Sapphire of the Fairies (Sword of Heavens #1)

Rated 3.00/5 based on 1 reviews
The sky is dark. Neither the sun nor the moon have been seen in decades. The land is fruitless, and the seas are barren. In a land of darkness and despair, there is one shining light, an ancient prophecy that foretells of the coming king and his companion, the vanquisher of evil. Explore a vast continent where elves, dwarves, unicorns, fairies, demons, dragons, and man all exist.
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Price: Free! USD
Words: 113,950
Language: English
ISBN: 9781452308319
About Richard S. Tuttle

eBook Reviews Weekly called Richard “…one of this century's leading authors of innovative fantasy tales." Molly Martin calls him “…a skillful weaver of tales.”

Richard S. Tuttle began his writing career in 1997 with the release of the Targa Trilogy (Origin Scroll, Dark Quest, Ancient Prophecy). That trilogy became the foundation for the Alcea Collection, a seventeen volume epic fantasy collection of three series (Targa Trilogy, Sword of Heavens, Demonstone Chronicles).

His other works include the Forgotten Legacy, an eight volume series, Complement for a King, a two volume miniseries, and the Amica Saga, his most current work currently in its fourth volume.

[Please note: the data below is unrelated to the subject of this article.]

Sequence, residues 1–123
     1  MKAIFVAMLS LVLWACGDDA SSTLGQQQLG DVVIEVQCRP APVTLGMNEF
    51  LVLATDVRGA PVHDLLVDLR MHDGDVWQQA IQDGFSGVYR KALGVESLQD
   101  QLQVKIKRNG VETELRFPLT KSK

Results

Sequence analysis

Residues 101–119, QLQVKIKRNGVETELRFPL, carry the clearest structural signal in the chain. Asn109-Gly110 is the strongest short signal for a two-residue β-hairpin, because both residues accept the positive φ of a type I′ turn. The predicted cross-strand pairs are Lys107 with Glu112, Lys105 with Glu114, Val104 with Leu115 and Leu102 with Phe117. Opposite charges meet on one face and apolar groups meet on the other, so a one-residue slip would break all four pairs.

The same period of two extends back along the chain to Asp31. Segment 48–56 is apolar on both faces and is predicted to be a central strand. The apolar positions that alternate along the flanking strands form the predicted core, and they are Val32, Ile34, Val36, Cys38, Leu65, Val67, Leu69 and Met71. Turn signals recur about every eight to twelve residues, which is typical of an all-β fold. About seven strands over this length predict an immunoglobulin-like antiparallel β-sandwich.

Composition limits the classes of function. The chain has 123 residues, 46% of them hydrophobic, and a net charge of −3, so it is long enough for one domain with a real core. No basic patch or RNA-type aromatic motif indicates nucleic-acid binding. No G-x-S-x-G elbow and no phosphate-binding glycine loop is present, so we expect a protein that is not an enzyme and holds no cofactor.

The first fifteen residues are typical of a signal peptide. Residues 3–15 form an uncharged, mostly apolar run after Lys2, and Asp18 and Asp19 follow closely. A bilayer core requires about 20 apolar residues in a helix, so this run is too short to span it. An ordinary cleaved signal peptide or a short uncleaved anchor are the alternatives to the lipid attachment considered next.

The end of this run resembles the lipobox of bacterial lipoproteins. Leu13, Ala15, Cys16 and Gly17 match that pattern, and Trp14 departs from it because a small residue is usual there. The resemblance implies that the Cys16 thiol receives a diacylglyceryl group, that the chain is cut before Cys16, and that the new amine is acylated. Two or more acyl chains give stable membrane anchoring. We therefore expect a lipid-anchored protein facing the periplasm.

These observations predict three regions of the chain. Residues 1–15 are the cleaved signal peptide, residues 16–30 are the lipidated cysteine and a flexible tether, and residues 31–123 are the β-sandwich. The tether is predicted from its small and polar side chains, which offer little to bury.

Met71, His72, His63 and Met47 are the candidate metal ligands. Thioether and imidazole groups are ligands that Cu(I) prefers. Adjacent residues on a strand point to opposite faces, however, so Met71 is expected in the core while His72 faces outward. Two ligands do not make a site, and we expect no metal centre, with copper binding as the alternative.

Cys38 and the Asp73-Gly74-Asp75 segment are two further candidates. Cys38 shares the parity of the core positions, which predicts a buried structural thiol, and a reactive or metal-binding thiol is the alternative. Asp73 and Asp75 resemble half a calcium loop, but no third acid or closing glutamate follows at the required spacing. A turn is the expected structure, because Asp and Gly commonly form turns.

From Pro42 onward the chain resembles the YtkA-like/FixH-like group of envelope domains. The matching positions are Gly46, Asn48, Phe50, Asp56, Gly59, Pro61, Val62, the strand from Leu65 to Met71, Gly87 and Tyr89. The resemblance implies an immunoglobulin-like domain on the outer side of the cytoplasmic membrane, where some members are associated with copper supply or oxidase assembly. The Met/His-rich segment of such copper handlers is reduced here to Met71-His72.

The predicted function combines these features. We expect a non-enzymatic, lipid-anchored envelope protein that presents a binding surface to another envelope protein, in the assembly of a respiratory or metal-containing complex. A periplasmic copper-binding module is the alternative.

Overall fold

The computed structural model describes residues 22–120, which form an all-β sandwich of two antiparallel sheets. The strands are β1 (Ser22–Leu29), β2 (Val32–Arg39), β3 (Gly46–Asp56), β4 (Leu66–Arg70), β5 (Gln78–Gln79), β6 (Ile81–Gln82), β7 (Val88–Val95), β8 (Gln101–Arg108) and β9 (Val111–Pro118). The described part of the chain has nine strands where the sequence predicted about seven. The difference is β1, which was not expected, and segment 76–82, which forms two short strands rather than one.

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Reviews

Review by: Aaron Majewski on Aug. 12, 2011 :
Sapphire of the Fairies is the first of a trilogy of young adult fantasy novels. It has all the needed hallmarks to be a sweeping fantasy tale, and is both grammatically well presented and easy to read (as in- the plot is consistent and makes sense).
Although it is technically sound and starts off promising, it quickly proves to be both repetitive and fails to lay proper groundwork for character growth, in that they start off as confused young men and within a few chapters, turn into a deadly fighting force; while also dwelling on the minutia of camp and traveling. Secondary characters have very simplistic motivation which never fully becomes realized and although dialogue is generally good, can become silted in places.
Even for a young adult fantasy story, it leaves much to be desired in these areas.
(review of free book)

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